Why India Supports The Abraham Accord
The Indian Ministry of External Affairs (MEA) rarely comments on developments that do not directly concern India, and when it does, it tends to be purposefully low-key. So observers were surprised by its prompt and enthusiastic welcome of full normalization of ties between the United Arab Emirates (UAE) and Israel, and its reference to both countries as key strategic partners. But indeed, the Abraham Accord speaks to India’s vital national interests. Not only does the accord link two of India’s most substantial trade partners, but it is also likely to have a very positive effect on the South-West Asian region as a whole.
Over the past few decades, India has reinvigorated its age-old networks across the Arabian Sea. It currently has a diaspora of eight million people in the South West Asian region remitting nearly $50 billion back to India annually. Thanks heavily to the import of two thirds of India’s crude oil requirements from the Gulf, India’s annual trade with the region stands at more than $150 billion – over a third of that with the UAE alone. India also maintains a substantial and increasingly lucrative two-way exchange with the UAE in investment and services. The people-to-people contacts between India and the UAE have been simultaneously growing by leaps and bounds: Dubai, for instance, counts Indians as its largest tourist group as well as some of its biggest investors in the real estate and the free zones.
With so much at stake, India has carefully built supportive diplomatic architecture with the South West Asian countries. Unlike others, India has studiously avoided adopting a prescriptive or intrusive or adventuristic regional profile; preferring instead to plod along with a consensual narrative that often seems disconnected from the ground reality. Through this cautious and incremental approach, India has constructed low-profile bilateral alliances aimed at promoting regional stability and security. It has fostered low-key cooperation in defense, security and anti-terrorism domains bilaterally with the important regional countries, including both the UAE and Israel. In doing so it has avoided costly defence entanglements. While such “timidity” prevents outblown expectations, it earns India few IOUs from the ruling establishments.
The UAE-Israel accord could impact this structure in multiple ways. First, the normalization of ties between Israel and the UAE (and Bahrain) seems likely to lighten the drag the Palestinian conundrum has long imposed on India’s dealing with the two sides of this equation. It would also seem to take the wind out of the sails of those using political Islam to malign India’s secularism. On the other hand, the accord pushes India to adjust to the new realities stemming from the accord itself, the diminishing Pax Americana, and a buyers’ oil market. These and other factors will likely trigger far-reaching changes in regional geopolitics.
While it is a bit early to speculate about the endgame, a lot depends on the direction this incipient re-polarization takes. Will other moderate Arab states normalize their ties with Israel? What is the reaction of the regional opponents of the accord, such as Iran and Turkey? Increased instability could grievously affect Indian interests by putting Indian diaspora lives in danger, raising oil prices, etc. It is sufficient to recall the trauma of the Iraqi invasion of Kuwait in 1990 inflicted on the Indian economy.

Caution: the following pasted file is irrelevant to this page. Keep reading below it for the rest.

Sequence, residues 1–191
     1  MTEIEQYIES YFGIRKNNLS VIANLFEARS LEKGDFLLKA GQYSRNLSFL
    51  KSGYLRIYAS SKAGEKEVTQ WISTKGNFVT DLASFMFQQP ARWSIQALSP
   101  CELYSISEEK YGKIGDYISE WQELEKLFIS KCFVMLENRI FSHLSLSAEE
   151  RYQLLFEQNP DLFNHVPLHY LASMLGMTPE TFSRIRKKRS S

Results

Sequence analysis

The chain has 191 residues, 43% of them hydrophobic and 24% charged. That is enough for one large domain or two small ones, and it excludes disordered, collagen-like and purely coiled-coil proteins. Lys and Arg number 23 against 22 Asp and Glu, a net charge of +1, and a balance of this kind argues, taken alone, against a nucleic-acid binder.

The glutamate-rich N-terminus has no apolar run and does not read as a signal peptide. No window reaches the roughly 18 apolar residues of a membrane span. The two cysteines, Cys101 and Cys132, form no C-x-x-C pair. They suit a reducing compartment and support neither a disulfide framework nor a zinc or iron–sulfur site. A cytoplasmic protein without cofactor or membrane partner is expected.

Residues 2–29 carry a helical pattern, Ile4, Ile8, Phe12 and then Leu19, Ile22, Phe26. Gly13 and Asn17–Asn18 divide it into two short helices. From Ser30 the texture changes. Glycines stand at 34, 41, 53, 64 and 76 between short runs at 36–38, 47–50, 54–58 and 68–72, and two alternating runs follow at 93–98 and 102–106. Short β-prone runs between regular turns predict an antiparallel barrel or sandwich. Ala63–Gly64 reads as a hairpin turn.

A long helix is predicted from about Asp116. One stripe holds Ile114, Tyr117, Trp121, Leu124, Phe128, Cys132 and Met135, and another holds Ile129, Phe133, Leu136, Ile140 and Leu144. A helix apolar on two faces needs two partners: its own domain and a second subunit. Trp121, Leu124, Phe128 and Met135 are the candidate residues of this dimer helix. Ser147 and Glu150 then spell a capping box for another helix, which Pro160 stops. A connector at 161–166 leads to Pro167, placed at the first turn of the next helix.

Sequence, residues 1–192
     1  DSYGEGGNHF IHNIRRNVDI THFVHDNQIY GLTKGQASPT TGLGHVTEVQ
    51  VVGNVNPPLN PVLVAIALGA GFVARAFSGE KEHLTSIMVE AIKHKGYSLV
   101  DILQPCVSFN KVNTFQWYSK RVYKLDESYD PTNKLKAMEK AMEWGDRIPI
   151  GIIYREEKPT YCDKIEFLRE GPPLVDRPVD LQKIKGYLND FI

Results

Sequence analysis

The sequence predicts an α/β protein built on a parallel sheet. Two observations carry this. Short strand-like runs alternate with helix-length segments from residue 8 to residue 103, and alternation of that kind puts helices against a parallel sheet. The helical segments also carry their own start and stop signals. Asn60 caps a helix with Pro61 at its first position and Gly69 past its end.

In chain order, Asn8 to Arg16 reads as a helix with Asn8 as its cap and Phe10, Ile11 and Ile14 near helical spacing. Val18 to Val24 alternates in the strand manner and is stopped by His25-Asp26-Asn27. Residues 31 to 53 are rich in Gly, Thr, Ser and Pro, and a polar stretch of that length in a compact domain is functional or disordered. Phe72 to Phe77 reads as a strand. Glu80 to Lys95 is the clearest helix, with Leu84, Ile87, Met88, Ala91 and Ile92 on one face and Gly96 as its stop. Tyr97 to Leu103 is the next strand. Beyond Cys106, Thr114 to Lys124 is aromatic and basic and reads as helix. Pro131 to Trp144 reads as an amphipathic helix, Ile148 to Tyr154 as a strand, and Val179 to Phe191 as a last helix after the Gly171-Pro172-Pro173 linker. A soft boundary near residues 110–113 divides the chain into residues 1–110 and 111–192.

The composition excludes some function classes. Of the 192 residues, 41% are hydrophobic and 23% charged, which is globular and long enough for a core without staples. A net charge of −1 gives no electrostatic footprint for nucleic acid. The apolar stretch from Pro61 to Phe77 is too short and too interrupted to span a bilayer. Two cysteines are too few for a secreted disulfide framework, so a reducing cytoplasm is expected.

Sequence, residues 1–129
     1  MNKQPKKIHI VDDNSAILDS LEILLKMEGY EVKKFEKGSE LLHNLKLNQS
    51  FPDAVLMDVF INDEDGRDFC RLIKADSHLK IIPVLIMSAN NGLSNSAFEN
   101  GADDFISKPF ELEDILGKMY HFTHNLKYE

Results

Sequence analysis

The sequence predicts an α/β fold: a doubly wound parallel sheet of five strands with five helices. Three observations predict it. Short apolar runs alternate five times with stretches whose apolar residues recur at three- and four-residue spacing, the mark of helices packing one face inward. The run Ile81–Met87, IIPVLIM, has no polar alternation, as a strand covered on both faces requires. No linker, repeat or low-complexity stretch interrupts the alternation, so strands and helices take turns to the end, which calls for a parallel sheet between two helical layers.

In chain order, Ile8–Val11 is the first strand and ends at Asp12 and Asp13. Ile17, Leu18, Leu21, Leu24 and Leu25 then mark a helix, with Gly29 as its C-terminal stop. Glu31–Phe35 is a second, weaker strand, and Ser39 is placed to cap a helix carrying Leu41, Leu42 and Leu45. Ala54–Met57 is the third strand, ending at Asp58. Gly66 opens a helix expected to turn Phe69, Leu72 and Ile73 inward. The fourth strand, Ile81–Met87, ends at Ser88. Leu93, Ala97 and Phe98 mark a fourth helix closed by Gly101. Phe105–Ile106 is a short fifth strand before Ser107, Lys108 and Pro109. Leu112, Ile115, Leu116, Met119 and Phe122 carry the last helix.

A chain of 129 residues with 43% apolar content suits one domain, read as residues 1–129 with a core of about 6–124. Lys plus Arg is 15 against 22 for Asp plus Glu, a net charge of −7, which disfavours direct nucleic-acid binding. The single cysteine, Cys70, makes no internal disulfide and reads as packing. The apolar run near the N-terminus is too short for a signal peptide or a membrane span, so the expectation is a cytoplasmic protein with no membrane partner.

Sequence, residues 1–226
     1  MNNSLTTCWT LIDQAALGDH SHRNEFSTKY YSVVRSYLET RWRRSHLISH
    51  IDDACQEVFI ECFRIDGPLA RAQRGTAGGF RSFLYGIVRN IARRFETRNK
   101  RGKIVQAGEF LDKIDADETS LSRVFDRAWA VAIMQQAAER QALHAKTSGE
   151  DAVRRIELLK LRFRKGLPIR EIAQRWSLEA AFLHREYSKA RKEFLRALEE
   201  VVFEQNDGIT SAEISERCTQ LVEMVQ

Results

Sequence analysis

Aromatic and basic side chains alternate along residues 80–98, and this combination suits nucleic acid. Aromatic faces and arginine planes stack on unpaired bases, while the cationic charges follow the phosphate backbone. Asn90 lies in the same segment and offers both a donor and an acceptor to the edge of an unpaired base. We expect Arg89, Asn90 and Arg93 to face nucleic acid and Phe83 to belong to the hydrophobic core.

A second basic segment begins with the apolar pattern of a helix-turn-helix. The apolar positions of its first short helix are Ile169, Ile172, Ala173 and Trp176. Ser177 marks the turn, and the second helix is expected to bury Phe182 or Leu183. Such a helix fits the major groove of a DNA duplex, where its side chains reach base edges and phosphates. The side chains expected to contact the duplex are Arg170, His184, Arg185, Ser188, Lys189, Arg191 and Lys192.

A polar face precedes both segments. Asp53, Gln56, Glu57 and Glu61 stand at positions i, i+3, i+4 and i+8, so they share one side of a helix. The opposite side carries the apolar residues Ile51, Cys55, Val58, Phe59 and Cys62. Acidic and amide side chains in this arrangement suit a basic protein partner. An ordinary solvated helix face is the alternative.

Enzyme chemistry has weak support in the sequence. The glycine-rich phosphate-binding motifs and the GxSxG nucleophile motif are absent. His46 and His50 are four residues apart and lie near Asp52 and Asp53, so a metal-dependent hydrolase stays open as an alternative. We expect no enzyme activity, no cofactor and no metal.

Looking back to the positive, the UAE-Israel accord has the potential to disrupt the current economic order in the region in several domains, where a large complementarity exists between the signatories: Israel has niche strengths in defense, security and surveillance – as well as arid farming, solar power, horticultural products, high-tech, gem and jewelry manufacture and pharmaceuticals. Tourism, real estate and financial service sectors on both sides have suffered due to the pandemic, and this more overt relationship promises a reciprocal boost to these areas. The Gulf Cooperation Council (GCC) states are large exporters of capital, which Israel needs to power its tech sector.
Further, Israel has the potential to supply skilled and semi-skilled manpower to the GCC states, particularly from the Sephardim and Mizrahim ethnicities, many of whom speak Arabic. Even the Israeli Arabs may find career opportunities to bridge the cultural divide. Israel is a “start-up nation” and its stakeholders could easily fit in the various duty-free incubators in the UAE. As India has significant engagement with the GCC states in many of these domains, and has a substantial tech sector itself, for India there is obvious gain from a trilateral collaboration, development and exchange — and the issue from these efforts would logically have India as a large and close market.
India has always believed that harmony in the South-West Asian region best serves her national interests. She can therefore be counted upon to work with regional stakeholders, including the UAE, to make sure the UAE-Israel accord moves towards these objectives.